On one of those mornings during a mean February cold snap I was in the bathroom shaving when I heard a knock on the back door. Who would be calling so early? I opened the door and found a fellow in work clothes along with his son. Their pickup was idling in the driveway.

“Good morning. Can I help you?” I asked, thinking that they were unfamiliar with the area and were in search of someone’s house.

He replied, “Well, I thought you might like to know…you got a wicked good chimney fire going.”

Random thoughts raced through my head—Yes! I would like know that … WAIT! Umm…NO! I DON’T want to know—Oh my gawd! What do I do? Do something!! NOW! WHAT?

I ran out, stepped off the porch and looked up. He was right! I certainly did have a wicked good chimney fire going!! Ugly yellow and dark smoke was belching several feet up into the cold morning air with scary looking orange, red, and yellow flames roaring out of the chimney top. I thanked my visitors and sprang into action.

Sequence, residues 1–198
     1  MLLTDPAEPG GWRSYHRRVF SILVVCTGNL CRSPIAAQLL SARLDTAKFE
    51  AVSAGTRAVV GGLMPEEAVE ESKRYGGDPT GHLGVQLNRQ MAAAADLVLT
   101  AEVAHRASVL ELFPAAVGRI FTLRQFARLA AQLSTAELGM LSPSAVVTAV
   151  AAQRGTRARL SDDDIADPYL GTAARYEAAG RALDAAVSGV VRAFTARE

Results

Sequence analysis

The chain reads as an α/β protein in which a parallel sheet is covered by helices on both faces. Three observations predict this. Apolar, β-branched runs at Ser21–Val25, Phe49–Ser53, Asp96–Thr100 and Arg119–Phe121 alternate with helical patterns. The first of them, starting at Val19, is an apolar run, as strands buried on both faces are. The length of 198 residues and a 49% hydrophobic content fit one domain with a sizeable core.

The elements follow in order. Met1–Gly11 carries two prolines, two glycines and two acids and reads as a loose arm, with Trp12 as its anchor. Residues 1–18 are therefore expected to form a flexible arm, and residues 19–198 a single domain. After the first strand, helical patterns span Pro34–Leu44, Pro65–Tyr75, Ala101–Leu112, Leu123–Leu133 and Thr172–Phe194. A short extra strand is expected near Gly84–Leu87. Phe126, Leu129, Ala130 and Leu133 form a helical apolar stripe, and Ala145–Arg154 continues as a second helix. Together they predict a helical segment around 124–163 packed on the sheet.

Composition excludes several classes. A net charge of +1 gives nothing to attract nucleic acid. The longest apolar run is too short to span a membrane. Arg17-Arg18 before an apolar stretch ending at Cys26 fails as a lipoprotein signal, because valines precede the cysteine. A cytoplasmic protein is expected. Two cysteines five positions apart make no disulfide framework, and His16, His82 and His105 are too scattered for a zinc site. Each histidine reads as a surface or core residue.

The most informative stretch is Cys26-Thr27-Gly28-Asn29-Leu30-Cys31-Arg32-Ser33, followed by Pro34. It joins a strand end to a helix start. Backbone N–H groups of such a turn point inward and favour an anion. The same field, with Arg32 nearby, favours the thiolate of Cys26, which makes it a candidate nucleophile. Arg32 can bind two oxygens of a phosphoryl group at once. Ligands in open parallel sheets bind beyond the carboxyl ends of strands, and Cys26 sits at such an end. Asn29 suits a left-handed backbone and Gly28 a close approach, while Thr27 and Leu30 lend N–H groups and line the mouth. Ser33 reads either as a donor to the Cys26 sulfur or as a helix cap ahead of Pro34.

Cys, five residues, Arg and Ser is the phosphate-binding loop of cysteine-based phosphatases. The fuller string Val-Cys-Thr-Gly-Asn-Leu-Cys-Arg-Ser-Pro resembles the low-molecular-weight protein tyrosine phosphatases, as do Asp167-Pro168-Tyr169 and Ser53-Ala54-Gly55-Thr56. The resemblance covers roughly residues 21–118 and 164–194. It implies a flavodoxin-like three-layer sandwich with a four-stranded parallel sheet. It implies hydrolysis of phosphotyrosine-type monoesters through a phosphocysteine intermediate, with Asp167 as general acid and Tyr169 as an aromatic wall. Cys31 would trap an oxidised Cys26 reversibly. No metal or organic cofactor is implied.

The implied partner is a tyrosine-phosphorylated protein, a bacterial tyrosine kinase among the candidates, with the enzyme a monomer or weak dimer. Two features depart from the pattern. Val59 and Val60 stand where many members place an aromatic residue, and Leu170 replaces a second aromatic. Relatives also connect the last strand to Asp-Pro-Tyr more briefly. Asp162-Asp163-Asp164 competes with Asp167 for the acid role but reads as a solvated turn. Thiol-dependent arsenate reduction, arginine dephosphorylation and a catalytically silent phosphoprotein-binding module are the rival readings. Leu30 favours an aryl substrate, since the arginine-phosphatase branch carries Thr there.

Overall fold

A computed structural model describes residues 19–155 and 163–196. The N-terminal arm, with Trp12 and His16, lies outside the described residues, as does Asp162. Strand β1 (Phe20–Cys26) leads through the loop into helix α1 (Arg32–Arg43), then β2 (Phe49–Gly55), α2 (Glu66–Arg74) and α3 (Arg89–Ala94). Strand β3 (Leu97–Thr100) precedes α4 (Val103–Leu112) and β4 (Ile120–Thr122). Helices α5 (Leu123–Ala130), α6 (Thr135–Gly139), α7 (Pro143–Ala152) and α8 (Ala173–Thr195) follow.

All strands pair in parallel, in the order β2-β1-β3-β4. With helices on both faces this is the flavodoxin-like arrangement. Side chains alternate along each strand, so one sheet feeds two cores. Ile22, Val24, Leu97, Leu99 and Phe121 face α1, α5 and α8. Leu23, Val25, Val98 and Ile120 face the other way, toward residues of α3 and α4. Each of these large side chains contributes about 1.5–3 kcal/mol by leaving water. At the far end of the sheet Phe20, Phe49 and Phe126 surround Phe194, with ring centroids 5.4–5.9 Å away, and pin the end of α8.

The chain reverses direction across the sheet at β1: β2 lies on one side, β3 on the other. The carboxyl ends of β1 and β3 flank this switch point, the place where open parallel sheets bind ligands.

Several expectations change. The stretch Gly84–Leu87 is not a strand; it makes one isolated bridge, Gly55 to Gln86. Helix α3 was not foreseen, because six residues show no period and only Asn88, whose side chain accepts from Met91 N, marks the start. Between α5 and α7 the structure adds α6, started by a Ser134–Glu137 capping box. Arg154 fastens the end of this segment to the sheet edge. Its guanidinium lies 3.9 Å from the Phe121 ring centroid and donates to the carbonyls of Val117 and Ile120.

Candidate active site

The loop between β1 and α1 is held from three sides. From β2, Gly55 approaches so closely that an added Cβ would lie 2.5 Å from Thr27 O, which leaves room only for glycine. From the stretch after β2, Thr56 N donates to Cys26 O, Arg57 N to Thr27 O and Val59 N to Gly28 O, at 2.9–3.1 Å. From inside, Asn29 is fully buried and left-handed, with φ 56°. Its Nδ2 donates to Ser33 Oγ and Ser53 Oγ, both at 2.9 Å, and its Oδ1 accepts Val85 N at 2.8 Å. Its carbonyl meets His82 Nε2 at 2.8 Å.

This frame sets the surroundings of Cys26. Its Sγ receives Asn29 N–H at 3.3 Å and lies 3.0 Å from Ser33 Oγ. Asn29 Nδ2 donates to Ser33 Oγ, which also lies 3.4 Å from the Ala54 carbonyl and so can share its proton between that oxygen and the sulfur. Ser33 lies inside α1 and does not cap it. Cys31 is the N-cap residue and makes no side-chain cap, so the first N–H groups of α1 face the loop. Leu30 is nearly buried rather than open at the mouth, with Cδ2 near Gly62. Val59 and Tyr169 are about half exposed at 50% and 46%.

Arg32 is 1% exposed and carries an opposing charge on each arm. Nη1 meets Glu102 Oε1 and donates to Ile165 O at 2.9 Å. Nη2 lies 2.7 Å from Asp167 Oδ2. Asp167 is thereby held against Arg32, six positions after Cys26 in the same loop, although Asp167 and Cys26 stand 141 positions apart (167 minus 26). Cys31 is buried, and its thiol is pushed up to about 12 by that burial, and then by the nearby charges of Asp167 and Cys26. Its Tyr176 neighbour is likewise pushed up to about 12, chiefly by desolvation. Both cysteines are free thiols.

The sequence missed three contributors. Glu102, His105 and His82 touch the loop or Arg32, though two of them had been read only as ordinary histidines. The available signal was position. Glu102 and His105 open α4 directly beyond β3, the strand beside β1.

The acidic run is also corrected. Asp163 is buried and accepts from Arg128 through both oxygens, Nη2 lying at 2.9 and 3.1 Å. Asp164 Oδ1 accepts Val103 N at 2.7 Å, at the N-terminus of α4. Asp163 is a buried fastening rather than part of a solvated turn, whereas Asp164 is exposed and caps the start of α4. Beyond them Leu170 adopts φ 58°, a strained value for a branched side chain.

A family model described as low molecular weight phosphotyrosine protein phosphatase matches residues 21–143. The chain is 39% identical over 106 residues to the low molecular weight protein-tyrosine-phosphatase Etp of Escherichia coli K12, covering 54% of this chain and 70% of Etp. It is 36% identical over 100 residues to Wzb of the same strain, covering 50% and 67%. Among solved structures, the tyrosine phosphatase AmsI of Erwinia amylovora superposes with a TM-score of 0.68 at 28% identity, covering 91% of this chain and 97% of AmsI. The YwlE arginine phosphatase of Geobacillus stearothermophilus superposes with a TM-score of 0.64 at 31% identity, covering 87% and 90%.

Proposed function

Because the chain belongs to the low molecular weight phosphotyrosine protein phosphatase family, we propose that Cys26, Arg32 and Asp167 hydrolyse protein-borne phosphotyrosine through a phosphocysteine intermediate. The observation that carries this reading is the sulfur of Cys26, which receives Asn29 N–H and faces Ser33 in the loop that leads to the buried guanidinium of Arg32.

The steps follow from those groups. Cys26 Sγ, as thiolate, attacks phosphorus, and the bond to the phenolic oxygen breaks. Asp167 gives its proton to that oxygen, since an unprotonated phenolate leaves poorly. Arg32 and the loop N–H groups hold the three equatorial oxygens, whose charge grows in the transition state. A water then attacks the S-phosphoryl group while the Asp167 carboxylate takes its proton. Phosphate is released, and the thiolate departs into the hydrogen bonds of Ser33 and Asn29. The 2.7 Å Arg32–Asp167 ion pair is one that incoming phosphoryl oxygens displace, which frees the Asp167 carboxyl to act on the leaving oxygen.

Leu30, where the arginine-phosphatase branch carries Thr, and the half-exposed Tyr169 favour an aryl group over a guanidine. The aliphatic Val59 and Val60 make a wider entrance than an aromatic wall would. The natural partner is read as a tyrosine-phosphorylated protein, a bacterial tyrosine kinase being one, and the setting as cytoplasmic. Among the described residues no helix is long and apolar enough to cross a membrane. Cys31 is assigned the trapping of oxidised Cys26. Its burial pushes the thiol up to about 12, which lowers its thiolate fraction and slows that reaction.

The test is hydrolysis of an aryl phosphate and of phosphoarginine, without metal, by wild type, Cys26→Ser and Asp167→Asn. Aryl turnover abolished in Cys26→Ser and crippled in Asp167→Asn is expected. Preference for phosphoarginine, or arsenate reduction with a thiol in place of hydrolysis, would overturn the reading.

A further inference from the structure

I grabbed the phone and called in to report the fire. When asked the location I blurted, “Shirley Fountain’s old house!” That seemed to work. I hung up the phone and only then was conscious of a loud roar like the sound of a jet engine coming from the chimney. It was at this moment that I saw the North Yarmouth fire truck pull to a stop in my drive. I thought, “Holy cow! What service! That’s got to be the fastest response on record!”

Sid Smith stepped out of the truck and told me that the rest of the boys were on their way. Was I ever glad to see Sid! He had been over to Reardon’s store (now Trudy Bird’s) having breakfast when he spied my chimney fire. He’d walked up the street to the Firebarn and was already in the fire truck and on his way even before I called.

North Yarmouth fire helmet, c. 1945.